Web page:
The Brink’s Company (NYSE:BCO) has been one of my few bullish recommendations since the start of this bear market. While the stock corrected in line with what we have broadly seen in equity markets so far this year, it failed to bounce in recent weeks despite strong earnings, leading me to believe that there continues to be a positive risk-reward opportunity at the current market price. The stock trades at less than 9x forward free cash flow (“FCF”) while the business is growing at a high single-digit rate and management is doing buybacks. The high amount of leverage was one of my concerns, but the firm successfully extended its maturities and is now in a better position to enter this tightening cycle. In terms of valuation, I continue to believe that the stock is trading at a significant discount compared to its intrinsic value.
A Quick Update Following Q2 FY22 Results
BCO published Q2 FY22 earnings on August 3rd, 2022. Sales increased by ~8.1% YoY to $1.13 billion in the most recent quarter, which is in line with the historical growth rate. The firm generated $266.4 million in gross profit, compared to $229.6 million in the same quarter last year, for a gross profit margin of ~23.5% and ~21.9% respectively.
I was impressed to see that BCO managed to maintain high margins, despite FX headwinds. Both the LTM gross and operating margins remain near a record high of ~23% and ~8.5%, respectively. However, I believe it’s important to keep a cool head and be open to the possibility of lower margins over the next quarters. After all, the business shows cyclicality over a long period of time, and given where we are in the business cycle, I believe the probability to have lower margins from here is higher.
Talking about FX headwinds, revenue grew at ~13% in constant currency, which is higher than the historical average. It’s encouraging to this positive evolution, which shows in my opinion that cash remains a valuable medium of exchange. On top of that, I expect revenue growth to remain elevated, especially once the dollar rolls over.
Every segment showed positive revenue growth in Q2 FY22, with the exception of Europe (because of FX). Operating profit per segment remains in line with previous quarters, which shows that business remains healthy.
Management reaffirmed its FY22 free cash flow guidance of $280-315 and now sees adjusted (excluding deferred payroll taxes) FCF ~23% higher, which is another positive development in my opinion. Wall Street FY22 EPS estimates are now at $5.77 and are expected to reach $8.16 in FY24, growing at over 15% annually. Given BCO’s forward P/E of ~10, I believe the stock is attractively valued, trading at a PEG ratio of less than 1.
In my previous articles on BCO, I have raised the issue of leverage, especially in the event of a credit crunch when the firm needs refinancing. While this issue persists, management took the right step in rolling over part of their debt, resulting in an extended credit facility and maturities. Paying down debt doesn’t seem to be an immediate priority for management as they continue to be focused on returning capital through dividends and share buybacks. Overall, I believe BCO had a good quarter, which is reflected in management’s full-year expectations.
Moving to our debt maturity profile on slide nine. In the second quarter 2022, we amended and extended our credit facility. We retained $1 billion revolving credit facility and we expanded our term loan A by $200 million to $1.4 billion. The amended facility reduced our used pricing grid by 25 bps and is expected to provide significant interest expense savings going forward.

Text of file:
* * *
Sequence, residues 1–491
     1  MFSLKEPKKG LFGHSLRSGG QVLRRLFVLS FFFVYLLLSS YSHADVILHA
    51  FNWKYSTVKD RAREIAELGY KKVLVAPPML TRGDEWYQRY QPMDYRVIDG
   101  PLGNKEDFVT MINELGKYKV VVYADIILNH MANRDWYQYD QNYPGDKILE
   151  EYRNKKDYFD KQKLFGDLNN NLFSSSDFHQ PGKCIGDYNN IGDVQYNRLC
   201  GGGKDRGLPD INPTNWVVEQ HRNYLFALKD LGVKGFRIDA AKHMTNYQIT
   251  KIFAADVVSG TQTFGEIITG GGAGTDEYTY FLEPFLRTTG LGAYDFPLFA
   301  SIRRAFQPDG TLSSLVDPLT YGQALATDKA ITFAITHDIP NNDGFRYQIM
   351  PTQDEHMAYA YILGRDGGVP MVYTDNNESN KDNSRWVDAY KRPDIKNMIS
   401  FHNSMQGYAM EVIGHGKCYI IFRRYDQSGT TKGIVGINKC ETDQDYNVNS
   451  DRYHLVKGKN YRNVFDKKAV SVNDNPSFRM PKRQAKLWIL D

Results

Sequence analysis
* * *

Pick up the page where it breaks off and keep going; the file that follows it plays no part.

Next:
Maturity was extended out five years and meaningfully expanded our capacity to make restricted payments, including share repurchases. On this slide the light gray bars reflect our debt maturity before the amendment extend and the dark blue bars afterward. Our 5.5% senior notes mature in July 2025. And otherwise, we have no material debt retirement obligations until 2027.
Mark Eubanks – President & Chief Executive Officer – Q2 FY22 Earnings Call
In this part, I will update my discounted cash flow (“DCF”) model to reflect some of my latest assumptions on BCO. Based on 47.8 million shares outstanding, and a price of $57.3 per share, the company now has a market cap of approximately $2.74 billion. In light of recent results, I have made the following adjustments to my model
- Estimated free cash flow for FY23 of $320 million – ~$20 million (~6.6%) higher than in May 2022.
- A growth rate of 7% until FY26 – unchanged.
- A 2% terminal growth rate – unchanged.
- A discount rate of 9% – unchanged.
According to my model, the fair value of the stock is around $108 per share, ~14% higher than my previous estimate. While the spread between my intrinsic value estimate and the market price is relatively high, I believe that investors need to be cautious given where we are in the cycle and should factor in the possibility of lower-than-expected results stemming from weaker margins. On the other hand, there are other catalysts such as buybacks excluded from my valuation model that can enhance shareholders’ returns. All in all, I see a positive risk-reward opportunity in BCO at the current market price.
Since the beginning of this bear market, BCO has been one of my few bullish recommendations. The firm is trading at less than 9x forward FCF, despite high single-digits growth and buybacks. BCO is now in a better position than at the beginning of the year to weather a credit event, especially since management extended debt maturities. In terms of valuation, the stock is priced at a considerable discount to its intrinsic value. As a result, I believe that BCO continues to provide an attractive risk-reward opportunity.